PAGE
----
And while A.J. should be calling his own game, I don’t think Joba should be allowed the same benefit of the doubt. A.J.’s got years of experience and he knows his stuff. Joba just finished his first year as an SP and has a lot left to learn.

    Heh, I guess I’m really splitting hairs for a throwaway comment but Molina’s performance behind the plate has been almost deified since Catchergate 2009 began. I tend to jump all over it when there’s little evidence to back it up. ;)

  4. “But of course it comes with Burnett’s unspoken (at least publicly unspoken) approval.”

    Its lines like that from Heyman that drive me nuts . The clear implication is that he has some super secret off the record info that he can’t go with, but he wants to get out there. If you’re at all familiar with his work, very few of these inferences bear out over the course of time. I’ve come to the conclusion that he phrases things this way to make it look like he knows more than he actually does, like he’s a real insider. He’s such a fucking hack.

    Sorry for the rant, it’s a good write up Chris and I agreed with most of your analysis. That’s just one of my pet peeves with this guy.

  5. Actually most all of the big time pitchers called their own games. Whitey, Sever, Carlton, Gibson etc., there are a lot of the best pitchers calling their own games. Some of them had their own catchers because they were almost always on the same page. Nothing new with that, just common sense. Anything that can be done to make the pitcher feel better about his game, the better results one gets.
    In Jobas’ case, I would let him make his way; what I mean by that is, let him call his own game in spring training, then when he asks for help one can lower the boom. Show him he has a lot more to learn then he may think…then again, he may show that he knows what he is doing (although, I doubt it).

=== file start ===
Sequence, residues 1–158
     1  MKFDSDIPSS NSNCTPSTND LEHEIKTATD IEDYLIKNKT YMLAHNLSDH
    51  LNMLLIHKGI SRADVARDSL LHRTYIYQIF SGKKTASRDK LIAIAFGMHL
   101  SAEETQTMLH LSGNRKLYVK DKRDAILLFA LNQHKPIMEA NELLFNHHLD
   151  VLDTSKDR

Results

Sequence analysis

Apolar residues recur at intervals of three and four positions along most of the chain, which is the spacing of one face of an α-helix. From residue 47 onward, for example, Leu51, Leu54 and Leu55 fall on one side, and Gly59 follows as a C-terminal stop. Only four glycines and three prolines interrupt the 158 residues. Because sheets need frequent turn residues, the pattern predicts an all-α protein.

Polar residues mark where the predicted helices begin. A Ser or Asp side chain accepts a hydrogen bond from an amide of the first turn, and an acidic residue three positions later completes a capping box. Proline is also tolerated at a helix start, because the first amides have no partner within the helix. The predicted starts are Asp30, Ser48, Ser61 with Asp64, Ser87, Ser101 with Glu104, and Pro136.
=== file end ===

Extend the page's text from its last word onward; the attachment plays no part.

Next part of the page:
6. There’s no evidence that Molina calls a better game or frames pitches better than Jorge (see Moshe’s article, here: http://www.theyankeeuniverse.com/?p=3621). It’s purely a matter of pacing preference and personality with AJ. The points made re: the pacing and stubbornness are valid, but let’s not overgeneralize and impugn Jorge’s game calling and framing ability which is perfectly fine.

  7. IT isn’t even close.Anybody who thinks Jorge is in molina’s class as a catcher doesn’t know the game of baseball.Jorge actually flinches and often blinks as he catches the ball and is not good at framing.Additionally after all these seasons he still doesn’t know how to fool a batter.Sure he works well with MAriano, who wouldn’t and doesn’t but even last night he came in and got Aceves in trouble with his pitch calling and even MCCarver a big Jorge fan called him for it.
    I will always have a fond feeling for Jorge but after an agent told me years ago that many pitchers don’t like to throw to him and players and even Umps know he’s a subpar defensive catcher, I started watching closely and sadly it’s totally true.
    It wasn’t Jorge that made Andy Pettitte (his boy) start pitching inside and revive his career.Jorge was happy to work low and outside like he does with everybody.
    In the past 5-6 years I think I’ve seen Jorge go up the ladder to a batter and get a a strike out, maybe 5 times a season.
    I know he started as an infielder, maybe that’s part of it, I don’t know but if i were Burnett, i’d want to pitch to Molina and lose the offense also.
    Before Jorge and to an extent Torre, it was no big deal for a pitcher ot succeed in NY, now only certain pitchers have the “Mentality” to pitch and succeed here.”
    No coincidence, believe me.

  8. Ask Randy Johnson and a host of other pitchers, including El Duque and Contreras and they’ll tell you Jorge is a mediocre catcher they didn’t particularly like throwing to.In his entire career has there EVER been a bang bang play at the plate? not many if any!!!!!!
    He won’t block the plate, never has and he won’t.He’s below average at blocking balls in the dirt and very good on pop ups behind the plate but there aren’t any in the new Stadium.
    Cervelli blows him away defensively too.